Carson, Marion, 1927-
- Existence: 1927-
Marion Collins Carson was born to parents Jackson and Erema Collins in Chicago, Illinois in 1927. After graduating from high school in Knoxville, Iowa, she enrolled at MacMurray College for Women in Jacksonville, Illinois for two years. She went on to receive a B.A. in Secondary Education in 1949 and an M.A. in English in 1952, both from the University of Nebraska at Lincoln. She earned a second M.A. in American Civilization in 1954 from the State University of Iowa (now the University of Iowa). In 2004 Carson received a bachelor's degree in Liberal Studies from the University of Iowa.
Marion Collins married Joseph Carson in 1949. In 1955 they had their first child, Joseph, followed by Samuel, Henry, and Emily in 1957, 1959, and 1963 respectively.
Continuing her education at the University of Dubuque Theological Seminary where she was the sole Unitarian Universalist student, Carson earned a Doctor of Ministry degree in 1987. For her thesis, she wrote a novel about faith transformations occurring in the wake of a mysterious death at the normally tranquil (fictional) Mainstream Seminary. A central character in the novel is a Unitarian Universalist of Humanist belief.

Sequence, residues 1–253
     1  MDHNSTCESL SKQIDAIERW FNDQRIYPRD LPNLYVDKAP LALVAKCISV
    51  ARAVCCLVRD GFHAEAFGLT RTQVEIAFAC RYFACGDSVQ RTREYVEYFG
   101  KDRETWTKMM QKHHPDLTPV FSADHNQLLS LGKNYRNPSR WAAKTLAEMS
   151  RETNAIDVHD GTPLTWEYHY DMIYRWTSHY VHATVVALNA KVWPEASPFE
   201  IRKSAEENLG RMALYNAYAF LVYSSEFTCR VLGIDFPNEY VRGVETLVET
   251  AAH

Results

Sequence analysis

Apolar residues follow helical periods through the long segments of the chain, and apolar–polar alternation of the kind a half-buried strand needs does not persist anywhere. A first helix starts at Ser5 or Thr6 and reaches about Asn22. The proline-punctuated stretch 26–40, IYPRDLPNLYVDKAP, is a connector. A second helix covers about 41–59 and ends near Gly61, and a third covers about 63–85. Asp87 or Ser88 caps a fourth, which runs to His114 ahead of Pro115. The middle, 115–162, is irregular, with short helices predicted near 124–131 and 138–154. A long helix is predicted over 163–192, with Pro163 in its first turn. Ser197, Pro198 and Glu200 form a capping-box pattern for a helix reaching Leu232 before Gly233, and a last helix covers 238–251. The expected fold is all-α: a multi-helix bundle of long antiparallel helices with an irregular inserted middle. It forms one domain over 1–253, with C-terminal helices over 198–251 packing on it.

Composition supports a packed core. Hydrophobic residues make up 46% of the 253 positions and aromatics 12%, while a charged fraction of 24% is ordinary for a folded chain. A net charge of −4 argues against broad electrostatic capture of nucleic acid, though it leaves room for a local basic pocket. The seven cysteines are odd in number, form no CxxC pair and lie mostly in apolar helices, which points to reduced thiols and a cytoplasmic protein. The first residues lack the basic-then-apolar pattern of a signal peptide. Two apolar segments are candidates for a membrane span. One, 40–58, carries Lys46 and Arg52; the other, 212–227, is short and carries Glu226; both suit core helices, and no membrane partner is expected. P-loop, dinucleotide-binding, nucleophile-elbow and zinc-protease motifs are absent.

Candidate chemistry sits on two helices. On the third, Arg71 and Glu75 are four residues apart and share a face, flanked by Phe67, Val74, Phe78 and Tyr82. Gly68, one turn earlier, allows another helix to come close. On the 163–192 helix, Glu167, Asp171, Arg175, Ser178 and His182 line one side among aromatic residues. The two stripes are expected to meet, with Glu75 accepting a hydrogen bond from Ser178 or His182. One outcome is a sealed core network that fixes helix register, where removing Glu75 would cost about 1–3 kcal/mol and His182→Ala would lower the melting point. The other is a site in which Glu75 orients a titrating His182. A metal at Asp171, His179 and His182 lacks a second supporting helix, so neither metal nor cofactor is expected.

A long-time resident of Marion, Iowa, Carson delivered many sermons to Unitarian Universalist congregations throughout Iowa and occasionally presided over memorial services and wedding ceremonies for members and friends of this denomination. She served for a number of years as a Counselor for the American Humanist Association. Eventually Carson became a certified Adjunct Leader representing the American Ethical Union of which she was a member for many years. In 1997 she became the president of the Iowa Ethical Union, serving in this post until 2001.
In addition to her lifelong study of belief systems, Carson was committed to children's welfare, pacifism, and civil liberties. In the 1960s, she and her oldest son created a neighborhood club, New World Finders, for children. Carson also designed a Well-Wisher Project in the 1970s to give young people a private forum in which to address their concerns. She also participated in the Cedar Rapids Area Women's Peace Inquiry and Action Group.